Amount of blood on computed tomography as an independent predictor after aneurysm rupture.
After admission to the hospital of patients with aneurysmal subarachnoid hemorrhage, we assessed the predictive value of the extent of the hemorrhage on computed tomography in addition to that of clinical grading scales for poor outcome, infarction, and rebleeding.
We studied 471 consecutive patients with aneurysmal subarachnoid hemorrhage and used logistic regression with step-wise forward selection of variables.
On admission, poor outcome was predicted by a low Glasgow Coma Scale score (odds ratio, 0.8; 95% confidence interval, 0.7-0.9); treatment with fluid restriction (2.5; 1.6-4.0); age over 52 (2.6; 1.7-3.9); loss of consciousness at ictus (1.7; 1.1-2.6); or a large amount of subarachnoid blood (2.0; 1.3-3.1). Delayed infarction was predicted by a large amount of subarachnoid blood (1.8; 1.2-2.6) or treatment with tranexamic acid (1.6; 1.1-2.4). Rebleeding was predicted by treatment with tranexamic acid (0.4; 0.3-0.7; protective effect); age over 52 (1.9; 1.2-3.0); loss of consciousness at ictus (1.7; 1.1-2.7); or admission to a neurosurgery service (0.6; 0.3-0.9; protective effect). Comparison of the observed and predicted outcome events showed that inclusion of the amount of subarachnoid blood into a predictive model added little to the prediction of poor outcome in general, but much to the prediction of delayed cerebral ischemia.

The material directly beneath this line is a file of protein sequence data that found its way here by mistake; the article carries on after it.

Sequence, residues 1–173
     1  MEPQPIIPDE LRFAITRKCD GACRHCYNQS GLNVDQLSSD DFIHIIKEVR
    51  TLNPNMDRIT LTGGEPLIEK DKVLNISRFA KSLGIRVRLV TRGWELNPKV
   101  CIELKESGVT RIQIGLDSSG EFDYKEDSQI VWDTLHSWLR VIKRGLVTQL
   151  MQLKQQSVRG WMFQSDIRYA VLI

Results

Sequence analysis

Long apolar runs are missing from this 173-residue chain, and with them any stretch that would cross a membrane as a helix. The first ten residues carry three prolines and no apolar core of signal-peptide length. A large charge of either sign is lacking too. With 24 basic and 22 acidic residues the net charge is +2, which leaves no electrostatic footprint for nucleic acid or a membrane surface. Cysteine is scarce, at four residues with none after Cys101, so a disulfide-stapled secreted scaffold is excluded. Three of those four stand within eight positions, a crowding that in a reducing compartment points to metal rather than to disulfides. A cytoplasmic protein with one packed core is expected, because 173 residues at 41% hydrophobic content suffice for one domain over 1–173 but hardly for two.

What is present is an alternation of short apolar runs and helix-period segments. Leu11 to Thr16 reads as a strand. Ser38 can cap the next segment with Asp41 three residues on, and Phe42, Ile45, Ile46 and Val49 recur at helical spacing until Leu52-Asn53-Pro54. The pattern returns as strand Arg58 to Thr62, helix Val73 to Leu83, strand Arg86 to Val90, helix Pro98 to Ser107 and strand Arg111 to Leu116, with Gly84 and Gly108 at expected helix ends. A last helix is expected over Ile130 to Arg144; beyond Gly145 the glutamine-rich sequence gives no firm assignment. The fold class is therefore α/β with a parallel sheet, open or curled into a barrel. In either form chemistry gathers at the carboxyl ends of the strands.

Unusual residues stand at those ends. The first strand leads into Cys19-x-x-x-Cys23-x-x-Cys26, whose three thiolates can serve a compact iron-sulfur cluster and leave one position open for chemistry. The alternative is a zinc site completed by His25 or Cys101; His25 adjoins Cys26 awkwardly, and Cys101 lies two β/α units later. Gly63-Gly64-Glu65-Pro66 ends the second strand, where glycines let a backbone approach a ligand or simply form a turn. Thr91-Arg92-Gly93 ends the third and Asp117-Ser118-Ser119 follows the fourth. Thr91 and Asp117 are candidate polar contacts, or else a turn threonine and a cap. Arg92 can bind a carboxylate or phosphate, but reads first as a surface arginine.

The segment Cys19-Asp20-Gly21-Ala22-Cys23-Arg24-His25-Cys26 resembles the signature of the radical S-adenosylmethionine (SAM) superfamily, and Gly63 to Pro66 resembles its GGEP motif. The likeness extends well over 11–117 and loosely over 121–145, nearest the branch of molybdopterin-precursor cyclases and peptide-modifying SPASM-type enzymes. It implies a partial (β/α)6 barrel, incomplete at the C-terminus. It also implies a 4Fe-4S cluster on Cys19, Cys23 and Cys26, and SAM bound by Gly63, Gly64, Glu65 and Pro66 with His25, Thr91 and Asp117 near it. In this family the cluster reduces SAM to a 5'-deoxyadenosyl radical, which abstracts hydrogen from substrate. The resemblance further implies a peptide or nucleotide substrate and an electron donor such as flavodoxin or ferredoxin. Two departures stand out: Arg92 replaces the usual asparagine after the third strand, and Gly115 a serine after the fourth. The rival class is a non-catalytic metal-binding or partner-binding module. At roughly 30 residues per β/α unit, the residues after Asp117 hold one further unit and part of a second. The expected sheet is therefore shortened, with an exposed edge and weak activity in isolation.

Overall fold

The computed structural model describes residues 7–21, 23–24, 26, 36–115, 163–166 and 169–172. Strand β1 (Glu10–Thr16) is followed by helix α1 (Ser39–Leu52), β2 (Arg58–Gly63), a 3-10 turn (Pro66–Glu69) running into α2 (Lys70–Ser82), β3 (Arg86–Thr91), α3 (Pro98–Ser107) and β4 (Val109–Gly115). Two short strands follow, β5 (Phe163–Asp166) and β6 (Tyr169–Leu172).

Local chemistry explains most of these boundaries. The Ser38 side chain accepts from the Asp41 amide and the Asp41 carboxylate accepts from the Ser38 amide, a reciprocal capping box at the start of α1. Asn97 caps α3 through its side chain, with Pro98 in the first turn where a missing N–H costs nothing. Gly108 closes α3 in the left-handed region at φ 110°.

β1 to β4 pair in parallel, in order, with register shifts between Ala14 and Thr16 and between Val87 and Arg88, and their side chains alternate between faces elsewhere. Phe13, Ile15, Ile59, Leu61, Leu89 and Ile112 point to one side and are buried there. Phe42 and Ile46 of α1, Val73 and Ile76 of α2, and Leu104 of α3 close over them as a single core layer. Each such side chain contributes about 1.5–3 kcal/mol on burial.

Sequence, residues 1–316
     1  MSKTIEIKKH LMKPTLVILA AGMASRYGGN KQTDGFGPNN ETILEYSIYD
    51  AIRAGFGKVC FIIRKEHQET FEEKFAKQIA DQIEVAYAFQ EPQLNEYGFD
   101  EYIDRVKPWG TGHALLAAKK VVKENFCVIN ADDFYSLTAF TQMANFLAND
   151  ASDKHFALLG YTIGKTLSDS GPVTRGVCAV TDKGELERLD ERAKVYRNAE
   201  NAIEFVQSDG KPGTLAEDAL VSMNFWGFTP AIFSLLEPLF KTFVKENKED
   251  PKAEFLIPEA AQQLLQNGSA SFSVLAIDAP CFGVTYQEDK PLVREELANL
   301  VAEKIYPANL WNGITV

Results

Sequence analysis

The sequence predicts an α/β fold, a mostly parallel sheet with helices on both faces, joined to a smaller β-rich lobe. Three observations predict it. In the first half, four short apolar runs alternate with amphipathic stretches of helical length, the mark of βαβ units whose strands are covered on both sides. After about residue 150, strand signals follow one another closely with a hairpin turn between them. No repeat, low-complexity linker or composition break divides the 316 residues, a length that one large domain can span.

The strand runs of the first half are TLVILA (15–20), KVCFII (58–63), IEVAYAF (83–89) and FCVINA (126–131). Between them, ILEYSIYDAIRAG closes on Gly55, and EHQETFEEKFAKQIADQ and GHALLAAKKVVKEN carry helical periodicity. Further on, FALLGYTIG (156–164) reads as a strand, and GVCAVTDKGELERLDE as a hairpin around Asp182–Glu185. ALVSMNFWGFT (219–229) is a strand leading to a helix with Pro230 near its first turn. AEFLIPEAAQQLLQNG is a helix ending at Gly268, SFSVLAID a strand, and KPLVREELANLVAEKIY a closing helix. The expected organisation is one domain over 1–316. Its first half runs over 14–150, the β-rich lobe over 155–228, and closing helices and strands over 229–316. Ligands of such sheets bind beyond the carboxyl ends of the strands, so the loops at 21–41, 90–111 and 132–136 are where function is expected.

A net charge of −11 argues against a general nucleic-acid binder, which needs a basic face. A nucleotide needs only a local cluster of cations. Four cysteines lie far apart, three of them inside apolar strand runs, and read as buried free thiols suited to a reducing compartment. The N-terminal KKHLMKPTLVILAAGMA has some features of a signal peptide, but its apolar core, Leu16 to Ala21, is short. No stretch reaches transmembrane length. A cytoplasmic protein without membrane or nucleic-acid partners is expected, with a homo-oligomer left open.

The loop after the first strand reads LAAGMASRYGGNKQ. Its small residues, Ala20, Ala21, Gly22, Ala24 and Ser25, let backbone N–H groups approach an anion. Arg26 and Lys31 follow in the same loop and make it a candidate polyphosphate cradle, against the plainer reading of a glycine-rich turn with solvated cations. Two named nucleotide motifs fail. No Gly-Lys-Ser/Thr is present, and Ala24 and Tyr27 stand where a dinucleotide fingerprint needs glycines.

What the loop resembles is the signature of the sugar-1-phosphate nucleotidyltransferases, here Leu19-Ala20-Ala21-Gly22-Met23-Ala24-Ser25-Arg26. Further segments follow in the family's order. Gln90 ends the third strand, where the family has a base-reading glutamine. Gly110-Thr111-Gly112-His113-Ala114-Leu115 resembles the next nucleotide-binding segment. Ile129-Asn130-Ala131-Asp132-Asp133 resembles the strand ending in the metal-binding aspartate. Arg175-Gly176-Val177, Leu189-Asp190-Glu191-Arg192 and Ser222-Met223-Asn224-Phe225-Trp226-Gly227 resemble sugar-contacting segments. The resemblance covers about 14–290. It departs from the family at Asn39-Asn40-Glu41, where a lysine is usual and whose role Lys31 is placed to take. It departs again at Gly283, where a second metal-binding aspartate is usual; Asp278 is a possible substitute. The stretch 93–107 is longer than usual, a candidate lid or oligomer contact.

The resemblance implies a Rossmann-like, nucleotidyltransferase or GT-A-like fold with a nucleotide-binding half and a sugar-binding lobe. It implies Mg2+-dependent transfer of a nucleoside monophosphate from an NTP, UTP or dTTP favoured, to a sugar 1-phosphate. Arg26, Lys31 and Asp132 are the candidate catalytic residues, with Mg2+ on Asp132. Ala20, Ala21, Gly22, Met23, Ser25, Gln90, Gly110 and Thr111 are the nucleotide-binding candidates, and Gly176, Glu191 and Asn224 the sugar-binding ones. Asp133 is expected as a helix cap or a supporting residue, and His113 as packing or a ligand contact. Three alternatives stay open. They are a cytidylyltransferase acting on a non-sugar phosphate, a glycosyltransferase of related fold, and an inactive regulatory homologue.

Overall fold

The total amount of subarachnoid blood on the initial computed tomogram has independent predictive power for the occurrence of delayed cerebral ischemia.
- Copyright © 1993 by American Heart Association